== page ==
|Title||Plant water-stress parameterization determines the strength of land-atmosphere coupling|
|Author(s)||Combe, M.; Vila-Guerau de Arellano, J.; Ouwersloot, H.G.; Peters, W.|
|Source||Agricultural and Forest Meteorology 217 (2016). - ISSN 0168-1923 - p. 61 - 73.|
Meteorology and Air Quality
|Publication type||Refereed Article in a scientific journal|
|Keyword(s)||Atmospheric boundary layer - CO - Drought - Heat wave - Land-atmosphere interactions - Water stress|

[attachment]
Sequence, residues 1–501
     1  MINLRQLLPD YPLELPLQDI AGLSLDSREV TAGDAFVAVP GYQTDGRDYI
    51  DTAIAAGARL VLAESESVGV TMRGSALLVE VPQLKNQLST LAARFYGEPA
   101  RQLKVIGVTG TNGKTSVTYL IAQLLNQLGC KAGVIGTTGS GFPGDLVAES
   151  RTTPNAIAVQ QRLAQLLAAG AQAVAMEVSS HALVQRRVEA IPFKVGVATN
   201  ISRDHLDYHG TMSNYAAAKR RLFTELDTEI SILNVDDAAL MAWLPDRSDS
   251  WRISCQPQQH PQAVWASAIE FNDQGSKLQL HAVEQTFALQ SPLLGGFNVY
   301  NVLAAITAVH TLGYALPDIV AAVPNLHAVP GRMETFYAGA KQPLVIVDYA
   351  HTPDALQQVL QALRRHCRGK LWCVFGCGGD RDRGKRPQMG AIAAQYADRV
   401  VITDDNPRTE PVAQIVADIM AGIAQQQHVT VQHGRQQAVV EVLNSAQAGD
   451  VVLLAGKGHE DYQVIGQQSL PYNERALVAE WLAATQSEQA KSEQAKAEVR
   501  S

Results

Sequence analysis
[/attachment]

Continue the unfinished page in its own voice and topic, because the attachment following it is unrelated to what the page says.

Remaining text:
Land-surface models used in studies of the atmosphere and vegetation during droughts usually include an underlying parameterization that describes the response of plants to water stress. Here, we show that different formulations of this parameterization can lead to significant differences in the coupling strength (i.e. the magnitude of the carbon and water exchange) between the land surface and the atmospheric boundary layer (ABL). We use a numerical model that couples the daytime surface fluxes typical for low vegetation to the dynamics of a convective ABL, to systematically investigate a range of plant water-stress responses. We find that under dry soil conditions, changing from a sensitive to an insensitive vegetation response to water stress has the same impact on the land-atmosphere (L-A) coupling as a strong increase in soil moisture content. The insensitive vegetation allows stomata to remain open for transpiration (+150Wm-2 compared to the sensitive one), which cools the atmosphere (-3.5K) and limits the ABL growth (-500m). During the progressive development of a dry spell, the insensitive response will first dampen atmospheric heating because the vegetation continues to transpire a maximum of 4.6mmday-1 while soil moisture is available. In contrast, the more sensitive vegetation response reduces its transpiration by more than 1mmday-1 to prevent soil moisture depletion. But when soil moisture comes close to wilting point, the insensitive vegetation will suddenly close its stomata causing a switch to a L-A coupling regime dominated by sensible heat exchange. We find that in both cases, progressive soil moisture depletion contributes to further atmospheric warming up to 6K, reduced photosynthesis up to 89%, and CO2 enrichment up to 30ppm, but the full impact is strongly delayed for the insensitive vegetation. Then, when we analyze the impact of a deviation of the modeled large-scale boundary conditions (e.g. subsidence, cloud cover, free-troposphere lapse rates, etc.) from their true state during a drought, we find that the two coupled systems (with a sensitive or insensitive vegetation) respond much differently to the generated atmospheric warming, this due to the difference in the basic surface coupling regime (coupled vs. uncoupled). This is of importance for the simulation of heat waves and meteorological droughts, as well as carbon-climate projections, as we show the predictive skill of coupled models is tied to the underlying vegetation response to water stress.